The QB50 project is a network of 50 nanosatellites, 40 of which are 2U cubesats (10x10x20 cm, approx. 2 kg) designed to study the thermosphere (between 90 and 320 km) and 10 are 3U cubesats (10x10x30 cm, approx. 3 kg) hosting in-orbit demonstrations. It is the most ambitious European cubesat project ever undertaken.
The European Union has provided 75% of funding for QB50 (out of a total estimated cost of €11m) through its Seventh Framework Programme (FP7).
The Von Karman Institute for Fluid Dynamics (VKI) was tasked with managing the project, funding the launch and supplying measuring instruments for the thermosphere for the 40 2U cubesats. The budgets were approximately:
• €1.7m for the instruments
• €3.5m for the launch, plus a contribution from each participating university or school providing a cubesat (€90k for a 3U cubesat and €20k for a 2U cubesat, i.e. approx. €1.7m)
VKI issued a request for proposals for cubesats from universities and engineering schools worldwide. Proposals were submitted on 30 April 2012. There were 74 submissions from 40 countries (54 for 2U cubesats to study the thermosphere and 20 for in-orbit demonstrators).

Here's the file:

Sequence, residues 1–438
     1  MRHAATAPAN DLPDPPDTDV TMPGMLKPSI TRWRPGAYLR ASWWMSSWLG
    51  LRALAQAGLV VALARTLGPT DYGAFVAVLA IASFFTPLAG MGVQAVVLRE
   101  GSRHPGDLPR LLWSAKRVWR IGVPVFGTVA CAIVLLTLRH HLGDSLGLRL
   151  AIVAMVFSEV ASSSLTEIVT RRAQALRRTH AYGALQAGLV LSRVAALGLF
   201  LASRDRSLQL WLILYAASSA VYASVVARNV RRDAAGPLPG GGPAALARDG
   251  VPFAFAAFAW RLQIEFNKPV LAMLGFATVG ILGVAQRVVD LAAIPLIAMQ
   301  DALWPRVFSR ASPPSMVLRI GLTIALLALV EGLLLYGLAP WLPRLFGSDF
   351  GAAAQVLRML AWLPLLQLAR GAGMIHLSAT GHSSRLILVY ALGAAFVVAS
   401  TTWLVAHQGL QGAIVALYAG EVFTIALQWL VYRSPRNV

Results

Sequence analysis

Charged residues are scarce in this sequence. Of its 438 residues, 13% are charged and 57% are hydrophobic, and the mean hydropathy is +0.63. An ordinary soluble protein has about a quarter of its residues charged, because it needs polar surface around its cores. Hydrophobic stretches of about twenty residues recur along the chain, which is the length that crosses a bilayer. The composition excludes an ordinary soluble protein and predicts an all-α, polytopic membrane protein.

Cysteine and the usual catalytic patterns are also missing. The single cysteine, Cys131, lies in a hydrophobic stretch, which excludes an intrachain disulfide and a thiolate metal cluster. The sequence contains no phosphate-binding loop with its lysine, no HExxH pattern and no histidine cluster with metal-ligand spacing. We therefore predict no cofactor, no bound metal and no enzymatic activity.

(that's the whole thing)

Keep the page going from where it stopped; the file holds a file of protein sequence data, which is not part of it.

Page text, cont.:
The highest number of proposals came from the United States and China, which submitted six and seven respectively. France submitted five. Other countries, among them Ethiopia, Germany, Italy, Romania, Sudan, the United Kingdom and Vietnam, also submitted proposals.
Besides its in-orbit demonstration and science goals, the QB50 project also has a student education role.
QB50 project goals. Credits: VKI
Given the project’s highly international scope, VKI set up a project team of engineers and took responsibility for satellite engineering, supply of subsystems and liaising with launch authorities. To date:
• Two ‘precursor’ 2U cubesats were orbited by a Dniepr launcher on 19 June 2014
• 28 cubesats were launched by an Atlas-V vehicle on 25 April 2017, then ferried to the International Space Station (ISS) by a Cygnus cargo vehicle two days later and placed into orbit from the ISS in May 2017. Two cubesats supported by the JANUS project (XCubesat from the Ecole Polytechnique and SpaceCube from the Ecole des Mines) were on this launch.
• Eight satellites were launched on 23 June 2017 by the PSLV-C38 flight from Sriharikota, India. These were cubesats that did not meet the safety requirements on the ISS.
On 17 April 2019, another cubesat from the JANUS project affiliated to the QB50 initiative (EntrySat from ISAE-SUPAERO) was ferried by a Cygnus cargo vehicle to the ISS and deployed on 3 July 2019.